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Equal Rites by Terry Pratchett
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Equal Rites (original 1987; edition 1988)

by Terry Pratchett

MembersReviewsPopularityAverage ratingMentions
9,094None327 (3.76)232
Member:helver
Title:Equal Rites
Authors:Terry Pratchett
Info:Signet / New American Library (1988), Mass Market Paperback, 254 pages
Collections:Fantasy/SciFi, Your library
Rating:***
Tags:Fiction, Fantasy, Discworld, Read, Reviewed, Own

Work details

Equal Rites by Terry Pratchett (1987)

20th century (30) British (52) comedy (119) comic fantasy (45) Discworld (1,386) ebook (48) English (38) fantasy (1,981) feminism (58) fiction (871) funny (33) Granny Weatherwax (68) humor (880) magic (134) novel (97) own (43) paperback (47) parody (43) Pratchett (247) read (159) satire (171) science fiction (110) series (114) sf (40) sff (96) to-read (43) unread (36) unseen university (37) witches (286) wizards (137)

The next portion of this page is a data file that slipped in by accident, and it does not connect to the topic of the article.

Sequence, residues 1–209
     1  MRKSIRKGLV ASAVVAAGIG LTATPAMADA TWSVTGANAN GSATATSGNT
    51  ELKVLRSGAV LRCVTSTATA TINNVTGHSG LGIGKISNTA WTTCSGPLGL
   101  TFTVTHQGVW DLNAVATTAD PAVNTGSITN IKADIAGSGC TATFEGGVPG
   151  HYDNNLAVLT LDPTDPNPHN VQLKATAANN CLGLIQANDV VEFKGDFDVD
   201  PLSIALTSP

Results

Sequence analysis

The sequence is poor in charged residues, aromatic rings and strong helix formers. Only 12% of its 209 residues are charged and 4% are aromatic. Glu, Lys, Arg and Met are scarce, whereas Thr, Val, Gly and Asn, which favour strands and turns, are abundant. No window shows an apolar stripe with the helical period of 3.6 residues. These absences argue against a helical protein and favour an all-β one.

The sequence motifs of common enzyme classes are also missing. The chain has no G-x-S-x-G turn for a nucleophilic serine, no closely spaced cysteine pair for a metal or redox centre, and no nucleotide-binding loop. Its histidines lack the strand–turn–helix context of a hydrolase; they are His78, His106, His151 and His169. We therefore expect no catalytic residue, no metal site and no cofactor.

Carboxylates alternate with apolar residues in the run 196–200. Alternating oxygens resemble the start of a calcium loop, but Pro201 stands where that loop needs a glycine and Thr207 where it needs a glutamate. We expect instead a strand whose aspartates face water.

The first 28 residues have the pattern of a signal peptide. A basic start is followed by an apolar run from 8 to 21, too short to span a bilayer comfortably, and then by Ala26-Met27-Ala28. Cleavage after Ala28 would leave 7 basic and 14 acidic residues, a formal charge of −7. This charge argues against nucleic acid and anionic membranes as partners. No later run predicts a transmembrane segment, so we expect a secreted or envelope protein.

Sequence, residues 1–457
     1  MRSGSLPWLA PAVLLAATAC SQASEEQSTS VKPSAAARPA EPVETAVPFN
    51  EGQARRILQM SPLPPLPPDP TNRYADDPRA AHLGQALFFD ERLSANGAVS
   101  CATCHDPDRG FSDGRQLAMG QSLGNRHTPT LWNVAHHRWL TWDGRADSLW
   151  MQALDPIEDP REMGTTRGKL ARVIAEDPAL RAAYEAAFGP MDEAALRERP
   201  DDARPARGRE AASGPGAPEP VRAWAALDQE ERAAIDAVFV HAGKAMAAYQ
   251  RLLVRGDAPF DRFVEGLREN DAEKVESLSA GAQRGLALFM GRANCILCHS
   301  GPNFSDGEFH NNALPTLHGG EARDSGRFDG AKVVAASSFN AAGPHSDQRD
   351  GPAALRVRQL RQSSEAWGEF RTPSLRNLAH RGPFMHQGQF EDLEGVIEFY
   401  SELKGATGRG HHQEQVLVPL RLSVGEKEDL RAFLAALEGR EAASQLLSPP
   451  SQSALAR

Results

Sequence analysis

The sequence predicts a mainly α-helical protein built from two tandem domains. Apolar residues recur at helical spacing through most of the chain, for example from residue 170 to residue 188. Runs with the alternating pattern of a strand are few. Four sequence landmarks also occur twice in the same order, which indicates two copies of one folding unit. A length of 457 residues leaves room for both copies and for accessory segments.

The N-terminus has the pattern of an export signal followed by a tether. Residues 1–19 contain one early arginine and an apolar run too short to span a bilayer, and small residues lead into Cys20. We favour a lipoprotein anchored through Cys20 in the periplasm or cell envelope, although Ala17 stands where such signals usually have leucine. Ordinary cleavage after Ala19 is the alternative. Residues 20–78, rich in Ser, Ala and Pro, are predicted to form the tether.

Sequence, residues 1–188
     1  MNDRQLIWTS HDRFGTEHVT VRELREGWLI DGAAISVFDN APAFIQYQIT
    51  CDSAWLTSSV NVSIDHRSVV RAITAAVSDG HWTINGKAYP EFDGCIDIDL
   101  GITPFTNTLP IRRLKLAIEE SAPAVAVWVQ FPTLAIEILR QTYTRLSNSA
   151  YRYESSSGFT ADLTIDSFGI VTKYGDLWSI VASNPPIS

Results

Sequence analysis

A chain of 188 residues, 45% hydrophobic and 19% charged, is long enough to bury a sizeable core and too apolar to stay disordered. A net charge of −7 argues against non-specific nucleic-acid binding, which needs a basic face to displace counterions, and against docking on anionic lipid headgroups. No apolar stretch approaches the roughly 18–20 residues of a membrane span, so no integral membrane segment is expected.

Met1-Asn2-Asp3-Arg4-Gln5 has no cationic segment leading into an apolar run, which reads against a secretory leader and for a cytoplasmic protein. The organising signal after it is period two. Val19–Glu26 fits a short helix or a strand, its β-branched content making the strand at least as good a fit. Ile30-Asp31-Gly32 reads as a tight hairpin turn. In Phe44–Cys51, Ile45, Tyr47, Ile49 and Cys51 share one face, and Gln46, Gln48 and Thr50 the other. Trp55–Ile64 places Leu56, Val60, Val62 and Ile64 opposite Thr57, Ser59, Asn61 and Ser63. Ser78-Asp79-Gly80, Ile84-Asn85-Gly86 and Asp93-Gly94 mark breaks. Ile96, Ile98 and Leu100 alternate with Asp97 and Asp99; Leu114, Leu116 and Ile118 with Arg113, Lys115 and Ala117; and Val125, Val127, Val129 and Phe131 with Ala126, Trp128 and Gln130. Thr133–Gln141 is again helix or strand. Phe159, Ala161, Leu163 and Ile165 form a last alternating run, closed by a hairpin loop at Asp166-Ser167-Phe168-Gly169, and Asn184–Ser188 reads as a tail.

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Showing 1-5 of 106 (next | show all)
3.5 stars Originally posted at FanLit.

When a wizard on the Discworld knows he??s about to die, he passes on his staff and magical powers to the eighth son of an eighth son who is being born at that time. So, thatƒ??s what the wizard Drum Billet does just before his death ƒ?? he passes on his powers to the baby whoƒ??s just been born to the Smith family. But nobody notices in time that Eskarina Smith is not a boy... Several years later Esk realizes sheƒ??s got some uncontrollable powers so she, along with her friend Granny Weatherwax, the local witch, sets out to find her place in a world where women do not have equal rights.

Equal Rites is the third book in Terry Pratchettƒ??s DISCWORLD series and the first in which Rincewind the cowardly wizard is not the protagonist. Though the focus here is on Eskarina, the first female wizard on the Discworld, the real star is Granny Weatherwax, the indomitable witch who features more ... Read More:
http://www.fantasyliterature.com/reviews/equal-rites/ ( )
  Kat_Hooper | Apr 6, 2014 |
Funny but mot as good as he later became. Worth a read. ( )
  jerhogan | Feb 21, 2014 |
I adore all of Pratchett's work, but my favourite books by far are the ones involving Granny Weatherwax and Nanny Ogg. Fun, intelligent, exciting and funny. And I'm sure I'm not the only Pagan who tries to emulate a touch of Esme Weatherwax in their approach to work. Or Nanny Ogg in their approach to the fun parts of life! ( )
  Bunnymazonas | Dec 27, 2013 |